In 2014, eight streetlights around Bristol were augmented to record and play-back shadows.
The lamps were prototypes designed by my design studio Chomko & Rosier in response to Watershed’s Playable City competition, which asked for ideas on how the “smart city” could be turned into the “playable city. The project, titled Shadowing, made a simple statement: that cities are about the people in them. After a two month installation in Bristol, the lamps are now on exhibition at the London Design Museum, and across the city of York.
There was no clear municipal purpose to Shadowing – yet there it was, embedded within local-authority maintained streetlights in eight street settings. It showed us how a purely utilitarian public resource can evolve into something interactive, playful and even beautiful.
Shadowing (and similar projects, like Hello Lamp Post by PAN Studio, the inaugural Playable City Award winner) feed into the potential role of technology in promoting education, playfulness and artistic appreciation within the public realm.
Shadowing from Chomko & Rosier on Vimeo.
That role has been explored since at least the 1960s, when projects such as the “Fun Palace”, an automated and adaptable public space for entertainment, art, theatre, and learning was proposed by British architect Cedric Price and theatre director Joan Littlewood. The Fun Palace, although never realised, demonstrated a municipal application of technology that would support public life in all realms.
Price and Littlewood proclaimed the freeing potentials of automation, saying it would allow people to “[choose] their own congenial work, [do] as much or as little of it as they like, and [fill] their leisure with whatever delights them.” They were not alone: architects, academics and politicians prophesied the wonderful capabilities of technology.
This future in which technology would enable freedom from work has clearly not materialised. One could argue that we’ve seen the opposite, with work pervading all parts of life.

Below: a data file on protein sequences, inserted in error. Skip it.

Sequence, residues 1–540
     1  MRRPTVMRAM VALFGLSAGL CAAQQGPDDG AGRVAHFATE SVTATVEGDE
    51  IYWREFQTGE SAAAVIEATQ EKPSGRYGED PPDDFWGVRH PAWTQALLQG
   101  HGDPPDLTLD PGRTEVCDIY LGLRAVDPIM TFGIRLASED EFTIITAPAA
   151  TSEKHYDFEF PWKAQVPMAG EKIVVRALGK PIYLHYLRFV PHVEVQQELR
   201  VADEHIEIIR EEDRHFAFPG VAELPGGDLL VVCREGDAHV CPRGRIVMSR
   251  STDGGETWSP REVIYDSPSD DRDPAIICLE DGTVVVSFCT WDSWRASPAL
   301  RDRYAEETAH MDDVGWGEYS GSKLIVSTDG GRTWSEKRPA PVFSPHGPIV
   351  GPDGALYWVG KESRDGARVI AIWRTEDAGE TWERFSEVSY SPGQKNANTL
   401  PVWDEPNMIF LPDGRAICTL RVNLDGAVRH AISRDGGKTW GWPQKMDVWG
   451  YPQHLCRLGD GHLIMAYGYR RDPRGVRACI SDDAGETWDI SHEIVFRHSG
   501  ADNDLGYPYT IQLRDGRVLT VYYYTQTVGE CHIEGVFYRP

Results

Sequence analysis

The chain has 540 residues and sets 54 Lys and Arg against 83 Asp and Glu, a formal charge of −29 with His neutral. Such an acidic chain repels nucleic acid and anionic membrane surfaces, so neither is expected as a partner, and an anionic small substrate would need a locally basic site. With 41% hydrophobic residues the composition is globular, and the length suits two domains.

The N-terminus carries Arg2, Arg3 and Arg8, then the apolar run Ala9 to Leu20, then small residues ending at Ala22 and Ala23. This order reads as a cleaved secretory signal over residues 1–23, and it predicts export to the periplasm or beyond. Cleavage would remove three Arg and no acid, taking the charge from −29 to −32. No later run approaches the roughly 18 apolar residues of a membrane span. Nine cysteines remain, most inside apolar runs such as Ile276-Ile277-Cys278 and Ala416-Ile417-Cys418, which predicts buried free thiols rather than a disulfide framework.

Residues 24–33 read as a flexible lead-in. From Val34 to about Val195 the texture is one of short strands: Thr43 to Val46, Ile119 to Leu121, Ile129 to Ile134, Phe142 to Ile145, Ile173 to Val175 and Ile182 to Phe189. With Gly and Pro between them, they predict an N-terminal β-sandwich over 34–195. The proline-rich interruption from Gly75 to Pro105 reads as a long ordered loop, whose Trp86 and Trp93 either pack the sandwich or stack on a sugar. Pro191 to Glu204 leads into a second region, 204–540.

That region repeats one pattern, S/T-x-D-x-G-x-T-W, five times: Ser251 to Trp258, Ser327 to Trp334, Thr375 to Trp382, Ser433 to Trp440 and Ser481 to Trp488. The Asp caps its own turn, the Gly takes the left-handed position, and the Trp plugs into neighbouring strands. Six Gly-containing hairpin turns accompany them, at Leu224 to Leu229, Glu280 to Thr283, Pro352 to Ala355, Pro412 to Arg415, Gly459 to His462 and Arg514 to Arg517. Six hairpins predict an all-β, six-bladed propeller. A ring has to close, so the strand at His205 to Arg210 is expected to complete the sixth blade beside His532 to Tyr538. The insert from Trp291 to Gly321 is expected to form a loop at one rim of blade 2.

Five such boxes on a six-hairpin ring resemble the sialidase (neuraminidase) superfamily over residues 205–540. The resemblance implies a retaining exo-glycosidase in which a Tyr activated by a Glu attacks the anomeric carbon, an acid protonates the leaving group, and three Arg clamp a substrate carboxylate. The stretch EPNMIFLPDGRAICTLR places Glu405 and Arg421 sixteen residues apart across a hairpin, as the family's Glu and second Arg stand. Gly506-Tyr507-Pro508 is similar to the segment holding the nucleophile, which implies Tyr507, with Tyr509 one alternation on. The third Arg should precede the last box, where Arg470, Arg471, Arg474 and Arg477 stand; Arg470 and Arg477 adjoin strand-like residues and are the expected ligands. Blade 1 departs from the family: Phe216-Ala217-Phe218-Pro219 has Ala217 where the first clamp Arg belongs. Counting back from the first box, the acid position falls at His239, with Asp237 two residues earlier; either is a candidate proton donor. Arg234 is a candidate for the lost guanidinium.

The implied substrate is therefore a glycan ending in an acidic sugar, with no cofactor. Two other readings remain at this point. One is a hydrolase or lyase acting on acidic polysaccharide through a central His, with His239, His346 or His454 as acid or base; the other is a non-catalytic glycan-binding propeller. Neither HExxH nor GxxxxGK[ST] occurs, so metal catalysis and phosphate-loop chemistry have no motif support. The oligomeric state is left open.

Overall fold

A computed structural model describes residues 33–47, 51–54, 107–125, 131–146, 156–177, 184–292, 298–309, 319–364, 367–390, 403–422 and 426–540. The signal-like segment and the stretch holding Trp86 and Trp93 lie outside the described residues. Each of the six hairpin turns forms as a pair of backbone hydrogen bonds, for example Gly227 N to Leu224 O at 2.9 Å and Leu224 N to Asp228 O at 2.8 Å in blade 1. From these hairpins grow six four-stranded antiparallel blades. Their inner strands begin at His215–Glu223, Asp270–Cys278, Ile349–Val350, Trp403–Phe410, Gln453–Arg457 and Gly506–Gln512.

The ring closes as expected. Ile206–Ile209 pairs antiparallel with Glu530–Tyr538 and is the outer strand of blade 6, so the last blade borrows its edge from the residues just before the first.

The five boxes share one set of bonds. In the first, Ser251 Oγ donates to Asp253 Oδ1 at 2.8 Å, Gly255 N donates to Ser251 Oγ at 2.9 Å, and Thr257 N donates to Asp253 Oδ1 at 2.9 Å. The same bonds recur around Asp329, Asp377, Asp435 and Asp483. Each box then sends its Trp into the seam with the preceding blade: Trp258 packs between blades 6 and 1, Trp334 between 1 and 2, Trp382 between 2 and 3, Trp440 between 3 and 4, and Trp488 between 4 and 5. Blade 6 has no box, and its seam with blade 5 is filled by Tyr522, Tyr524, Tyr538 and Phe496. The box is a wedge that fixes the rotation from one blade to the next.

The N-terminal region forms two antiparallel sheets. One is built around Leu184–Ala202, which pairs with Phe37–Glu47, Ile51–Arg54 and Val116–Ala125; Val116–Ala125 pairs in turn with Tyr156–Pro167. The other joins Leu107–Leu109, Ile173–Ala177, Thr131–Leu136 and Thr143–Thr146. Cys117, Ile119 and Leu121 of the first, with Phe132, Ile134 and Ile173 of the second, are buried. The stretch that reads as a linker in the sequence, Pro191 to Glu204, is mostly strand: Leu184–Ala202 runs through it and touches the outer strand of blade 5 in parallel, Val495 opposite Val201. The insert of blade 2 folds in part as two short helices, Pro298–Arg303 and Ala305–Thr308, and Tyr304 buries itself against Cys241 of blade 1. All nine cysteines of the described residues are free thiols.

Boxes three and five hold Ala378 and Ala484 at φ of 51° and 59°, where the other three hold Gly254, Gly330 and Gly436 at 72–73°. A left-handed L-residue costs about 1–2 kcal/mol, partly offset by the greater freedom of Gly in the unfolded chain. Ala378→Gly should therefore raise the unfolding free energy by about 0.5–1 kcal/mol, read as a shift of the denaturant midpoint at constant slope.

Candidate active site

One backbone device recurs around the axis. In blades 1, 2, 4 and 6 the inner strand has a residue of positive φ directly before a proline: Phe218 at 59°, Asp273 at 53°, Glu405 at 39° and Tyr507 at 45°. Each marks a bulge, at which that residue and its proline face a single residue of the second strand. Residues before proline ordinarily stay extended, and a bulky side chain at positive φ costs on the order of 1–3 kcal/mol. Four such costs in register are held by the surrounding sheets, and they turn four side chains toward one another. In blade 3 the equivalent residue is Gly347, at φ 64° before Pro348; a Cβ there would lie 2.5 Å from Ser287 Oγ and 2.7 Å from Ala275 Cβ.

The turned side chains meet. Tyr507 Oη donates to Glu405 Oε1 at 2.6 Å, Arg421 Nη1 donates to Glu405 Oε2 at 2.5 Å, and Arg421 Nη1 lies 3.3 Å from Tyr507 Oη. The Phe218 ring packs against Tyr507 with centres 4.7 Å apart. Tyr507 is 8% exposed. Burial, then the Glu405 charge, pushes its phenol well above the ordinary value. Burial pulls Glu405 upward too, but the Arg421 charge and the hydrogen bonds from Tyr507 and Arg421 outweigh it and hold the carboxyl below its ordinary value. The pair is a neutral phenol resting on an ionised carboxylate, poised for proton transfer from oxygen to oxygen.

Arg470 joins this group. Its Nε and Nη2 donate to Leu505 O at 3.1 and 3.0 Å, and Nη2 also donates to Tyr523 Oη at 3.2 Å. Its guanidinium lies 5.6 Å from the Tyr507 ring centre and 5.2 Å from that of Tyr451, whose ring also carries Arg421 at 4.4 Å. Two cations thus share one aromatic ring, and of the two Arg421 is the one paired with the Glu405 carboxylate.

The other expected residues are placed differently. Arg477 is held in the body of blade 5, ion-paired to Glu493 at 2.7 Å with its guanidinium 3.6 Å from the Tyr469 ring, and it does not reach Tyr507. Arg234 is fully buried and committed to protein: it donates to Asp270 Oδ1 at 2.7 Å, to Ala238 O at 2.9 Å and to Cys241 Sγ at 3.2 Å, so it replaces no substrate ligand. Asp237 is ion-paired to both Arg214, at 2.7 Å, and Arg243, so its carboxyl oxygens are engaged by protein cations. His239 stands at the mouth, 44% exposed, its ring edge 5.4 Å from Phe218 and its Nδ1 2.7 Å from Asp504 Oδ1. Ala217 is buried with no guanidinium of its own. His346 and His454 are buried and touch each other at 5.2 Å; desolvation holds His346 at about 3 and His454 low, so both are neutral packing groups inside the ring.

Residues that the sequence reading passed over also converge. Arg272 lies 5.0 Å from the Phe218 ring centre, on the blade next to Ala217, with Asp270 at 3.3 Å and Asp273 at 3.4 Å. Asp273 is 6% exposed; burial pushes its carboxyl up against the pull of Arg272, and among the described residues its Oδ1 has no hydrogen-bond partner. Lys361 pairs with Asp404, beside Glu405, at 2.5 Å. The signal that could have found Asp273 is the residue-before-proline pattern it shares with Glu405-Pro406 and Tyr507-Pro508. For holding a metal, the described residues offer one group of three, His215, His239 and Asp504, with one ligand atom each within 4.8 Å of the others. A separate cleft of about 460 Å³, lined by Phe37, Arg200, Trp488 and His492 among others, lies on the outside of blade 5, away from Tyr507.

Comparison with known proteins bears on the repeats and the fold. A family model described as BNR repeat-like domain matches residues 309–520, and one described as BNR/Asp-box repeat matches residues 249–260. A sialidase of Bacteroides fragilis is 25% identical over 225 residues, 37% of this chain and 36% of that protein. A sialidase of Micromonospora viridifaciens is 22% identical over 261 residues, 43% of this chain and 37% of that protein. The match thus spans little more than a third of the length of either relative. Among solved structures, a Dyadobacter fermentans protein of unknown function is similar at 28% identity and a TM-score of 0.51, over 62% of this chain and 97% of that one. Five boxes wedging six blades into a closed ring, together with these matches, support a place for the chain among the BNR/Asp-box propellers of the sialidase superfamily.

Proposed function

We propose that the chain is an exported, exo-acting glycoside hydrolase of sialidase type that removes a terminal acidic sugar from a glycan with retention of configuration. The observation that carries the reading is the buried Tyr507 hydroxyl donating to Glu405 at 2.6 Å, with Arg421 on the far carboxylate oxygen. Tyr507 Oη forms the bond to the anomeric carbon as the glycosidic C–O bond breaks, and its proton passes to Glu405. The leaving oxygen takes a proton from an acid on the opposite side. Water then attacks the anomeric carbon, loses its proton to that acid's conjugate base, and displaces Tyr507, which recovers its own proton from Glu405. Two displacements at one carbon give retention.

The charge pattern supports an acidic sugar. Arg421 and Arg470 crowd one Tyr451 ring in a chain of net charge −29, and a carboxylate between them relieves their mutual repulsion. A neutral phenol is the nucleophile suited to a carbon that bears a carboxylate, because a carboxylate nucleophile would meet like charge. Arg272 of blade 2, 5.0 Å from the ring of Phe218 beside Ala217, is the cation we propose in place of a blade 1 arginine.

But designers of urban landscapes have long understood the necessity for spaces that promote leisure and interaction. The Dutch architect Aldo Van Eyck built over 800 playgrounds across post-war Amsterdam, believing that multi-functional public spaces for play, meeting and relaxation were essential in rebuilding torn communities. Using low-cost materials and multi-purpose designs, Eyke demonstrated that municipal intervention could make the street the cornerstone of public life. Software, operating through ever more available technologies, and applied to spaces and objects often already built, presents even greater opportunity for multi-faceted experiences within our urban lives.
The Playable City movement is reinserting this idea that technology in public space can support leisure as well as the operational needs of society. As cities become “smart”, computation pervades public space. These projects simply ask that this computation reflect and support the reality of the urban experience, which blends work with play, bringing a human perspective to the increasing economic and functional design of urban space.
With Shadowing the municipality was still providing the public with the required levels of lighting – but technological intervention had allowed this utility to simultaneously form an unlimited and bespoke source of public entertainment, interaction and even fun. The choice here wasn’t utility or leisure, practicality or art.
The recent “Back to the Future” Day ended up as a celebration of our dissatisfaction with the technological applications we have arrived at in 2015; “Where are the hoverboards?” the internet cried. The futures of the past, it seemed, were not being satisfied by our glowing handheld machines.
Society probably doesn’t needs hoverboards, nor street lights that capture and playback your shadow. Then again, the urban plan never demanded plentiful and carefully landscaped parks, nor swings, grassy verges and open-entry art galleries.
But it is the enjoyment and proliferation of such public interventions that has continued to make cities places to not only to function within, but also to live.
Matthew Rosier is co-founder of London-based design studio Chomko & Rosier.
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